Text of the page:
- Black sea bass have dangerously sharp spines on their dorsal fin that can puncture human skin.
- The all-tackle world record for black sea bass is 9 pounds, 8 ounces.
- When hooked in deep water and brought quickly to the surface, a black sea bass will often regurgitate its stomach contents.
Grass carp (Ctenopharyngodon)
Grass carp are a large member of the minnow family and are related to common carp and goldfish. However, their appearance is quite unlike other carp, aside from their large scales. Grass carp are generally a dark color on the back that ranges from gray to green, dark olive, golden brown or bronze. The color fades to a light brown-yellow or silver on the side before becoming white on the belly. Fins are clear to dark in color.
They have a long, torpedo shaped body that resembles that of the creek chub or common shiner, only much larger. The body is covered with large scales, of which 40 to 42 make up the lateral line. The upper-side scales have a dark fringe and black spot that often give the grass carp a checkered look.
Grass carp have a broad, rounded head with a short snout. Compared with other carp, the large eyes are set relatively low on the head. The mouth is located at the end of the head and has thin, rounded lips. Sharp teeth are located in the back of the throat. Their mouths are clearly smaller than those of other carp. In addition, grass carp do not have the barbels found around the mouths of other carp.
Grass carp have a short dorsal fin composed of 7 to 10 rays. The anal fin, which is located closer to the tail than usual for a minnow, has 7 to 11 rays. The large tail is moderately forked.
The native range of the grass carp was originally the larger rivers of China and eastern Siberia that drain to the Pacific Ocean. The common name, white amur, comes from the Amur River in Asia. As a result of introduction efforts, the species now resides in over 50 nations and at least 40 U.S. states. Because of their unique spawning habitat requirements, grass carp can only spawn naturally in few areas outside their native range. As a result, where they have been introduced, stocking programs are critical to maintaining their numbers.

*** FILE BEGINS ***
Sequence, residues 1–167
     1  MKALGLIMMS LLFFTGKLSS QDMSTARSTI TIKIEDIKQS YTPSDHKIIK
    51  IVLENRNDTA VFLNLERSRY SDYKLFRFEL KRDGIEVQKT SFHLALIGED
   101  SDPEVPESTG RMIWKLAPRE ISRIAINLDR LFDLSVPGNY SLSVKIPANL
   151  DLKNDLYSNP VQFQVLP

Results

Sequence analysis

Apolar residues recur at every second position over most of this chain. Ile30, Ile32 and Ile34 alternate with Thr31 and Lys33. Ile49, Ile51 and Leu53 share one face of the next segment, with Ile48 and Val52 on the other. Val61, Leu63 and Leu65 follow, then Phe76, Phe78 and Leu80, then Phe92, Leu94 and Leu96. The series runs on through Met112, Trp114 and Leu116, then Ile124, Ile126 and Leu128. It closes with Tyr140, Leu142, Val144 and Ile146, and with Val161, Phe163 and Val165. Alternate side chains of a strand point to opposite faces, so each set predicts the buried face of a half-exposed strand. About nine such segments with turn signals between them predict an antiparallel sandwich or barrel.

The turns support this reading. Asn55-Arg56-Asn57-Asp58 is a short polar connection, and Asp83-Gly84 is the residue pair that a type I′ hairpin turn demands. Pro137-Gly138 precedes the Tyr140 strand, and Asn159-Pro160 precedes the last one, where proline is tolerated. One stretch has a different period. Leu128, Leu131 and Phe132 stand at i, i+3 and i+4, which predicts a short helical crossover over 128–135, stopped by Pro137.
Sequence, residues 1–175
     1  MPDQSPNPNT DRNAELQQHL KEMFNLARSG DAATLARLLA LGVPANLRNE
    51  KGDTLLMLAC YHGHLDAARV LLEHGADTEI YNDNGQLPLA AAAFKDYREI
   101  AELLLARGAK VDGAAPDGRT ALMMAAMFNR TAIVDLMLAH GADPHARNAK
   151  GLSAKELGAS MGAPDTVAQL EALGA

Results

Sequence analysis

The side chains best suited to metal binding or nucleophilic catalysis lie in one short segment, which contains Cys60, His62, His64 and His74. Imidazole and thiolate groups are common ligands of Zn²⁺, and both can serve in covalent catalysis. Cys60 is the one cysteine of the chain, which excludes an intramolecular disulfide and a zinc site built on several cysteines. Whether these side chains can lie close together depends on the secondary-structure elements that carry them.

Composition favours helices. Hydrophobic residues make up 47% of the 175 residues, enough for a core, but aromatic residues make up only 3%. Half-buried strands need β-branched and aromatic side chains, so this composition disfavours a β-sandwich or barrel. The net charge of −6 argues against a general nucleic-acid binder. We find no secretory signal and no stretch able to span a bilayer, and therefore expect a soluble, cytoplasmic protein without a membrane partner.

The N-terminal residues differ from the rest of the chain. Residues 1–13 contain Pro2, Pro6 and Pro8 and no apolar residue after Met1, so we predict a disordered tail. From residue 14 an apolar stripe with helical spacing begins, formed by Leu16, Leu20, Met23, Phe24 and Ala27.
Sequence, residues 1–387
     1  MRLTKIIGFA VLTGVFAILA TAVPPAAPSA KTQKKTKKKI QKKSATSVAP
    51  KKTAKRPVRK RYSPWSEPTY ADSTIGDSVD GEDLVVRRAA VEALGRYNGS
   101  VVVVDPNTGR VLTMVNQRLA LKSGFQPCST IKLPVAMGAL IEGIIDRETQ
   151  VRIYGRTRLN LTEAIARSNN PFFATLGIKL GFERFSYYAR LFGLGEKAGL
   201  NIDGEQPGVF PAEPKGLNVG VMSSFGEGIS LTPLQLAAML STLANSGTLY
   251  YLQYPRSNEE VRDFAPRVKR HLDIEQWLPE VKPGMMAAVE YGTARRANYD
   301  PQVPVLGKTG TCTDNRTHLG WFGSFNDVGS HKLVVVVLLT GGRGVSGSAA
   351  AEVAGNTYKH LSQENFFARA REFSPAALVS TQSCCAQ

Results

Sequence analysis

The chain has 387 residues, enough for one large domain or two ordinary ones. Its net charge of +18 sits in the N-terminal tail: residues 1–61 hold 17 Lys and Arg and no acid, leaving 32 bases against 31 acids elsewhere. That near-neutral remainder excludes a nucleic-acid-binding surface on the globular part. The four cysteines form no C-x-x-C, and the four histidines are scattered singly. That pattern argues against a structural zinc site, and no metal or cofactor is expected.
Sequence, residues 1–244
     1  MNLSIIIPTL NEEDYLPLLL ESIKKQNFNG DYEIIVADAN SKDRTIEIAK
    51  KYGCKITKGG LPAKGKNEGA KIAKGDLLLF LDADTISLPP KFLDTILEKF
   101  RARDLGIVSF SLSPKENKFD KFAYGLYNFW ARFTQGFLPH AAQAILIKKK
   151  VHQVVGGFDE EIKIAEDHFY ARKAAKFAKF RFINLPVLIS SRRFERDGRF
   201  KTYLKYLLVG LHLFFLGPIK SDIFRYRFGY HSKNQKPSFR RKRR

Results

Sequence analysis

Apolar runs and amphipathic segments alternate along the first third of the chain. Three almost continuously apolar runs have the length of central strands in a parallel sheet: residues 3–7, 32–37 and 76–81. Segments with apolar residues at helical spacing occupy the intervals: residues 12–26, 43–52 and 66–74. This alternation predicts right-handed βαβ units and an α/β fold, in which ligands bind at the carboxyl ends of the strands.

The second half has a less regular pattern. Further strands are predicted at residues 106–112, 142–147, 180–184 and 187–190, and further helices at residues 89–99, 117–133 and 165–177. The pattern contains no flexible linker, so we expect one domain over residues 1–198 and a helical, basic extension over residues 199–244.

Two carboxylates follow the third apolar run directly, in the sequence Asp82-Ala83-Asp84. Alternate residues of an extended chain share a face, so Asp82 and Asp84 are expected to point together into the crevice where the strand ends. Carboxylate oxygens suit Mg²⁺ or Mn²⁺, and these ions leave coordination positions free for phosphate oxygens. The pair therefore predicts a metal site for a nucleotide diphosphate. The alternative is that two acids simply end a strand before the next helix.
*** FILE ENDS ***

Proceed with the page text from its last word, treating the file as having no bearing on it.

They were first imported to the United States from Asia in the early 1960s in an effort to exploit their feeding habits for weed control purposes in selected waters. Because of their aggressive feeding habits, many of the states in which they are found have legal restrictions on grass carp. Generally, only the sterile triploid version is allowed. Their range in the United States encompasses an area generally running from Pennsylvania west to South Dakota and central Wyoming, south and west through Colorado to the four corners region, south and east through central Texas to Louisiana and along the Gulf and Atlantic coasts to New Jersey.
Grass carp are exclusively a freshwater species that inhabits primarily temperate lakes, ponds, and large river backwater areas. They prefer areas with slow current or standing water that is teeming with vegetation. They also congregate in deeper waters, usually around 15 feet or more depending on temperature and available depth, as long as vegetation is present.
They are, however, adaptable and can endure variations in temperature, high salinity in the environment or low oxygen levels. In relation to water temperature, they are known to be able to adapt to water ranging from 32 to 100 F.
Grass carp are very particular about their spawning areas and habits. The eggs of the grass carp are heavier than water and thus require a relatively strong current in order to hatch. As a result, they are unable to spawn in lakes, ponds, and even many of the rivers in which they are introduced. The only area of consistent spawning of grass carp in the United States is the Mississippi River.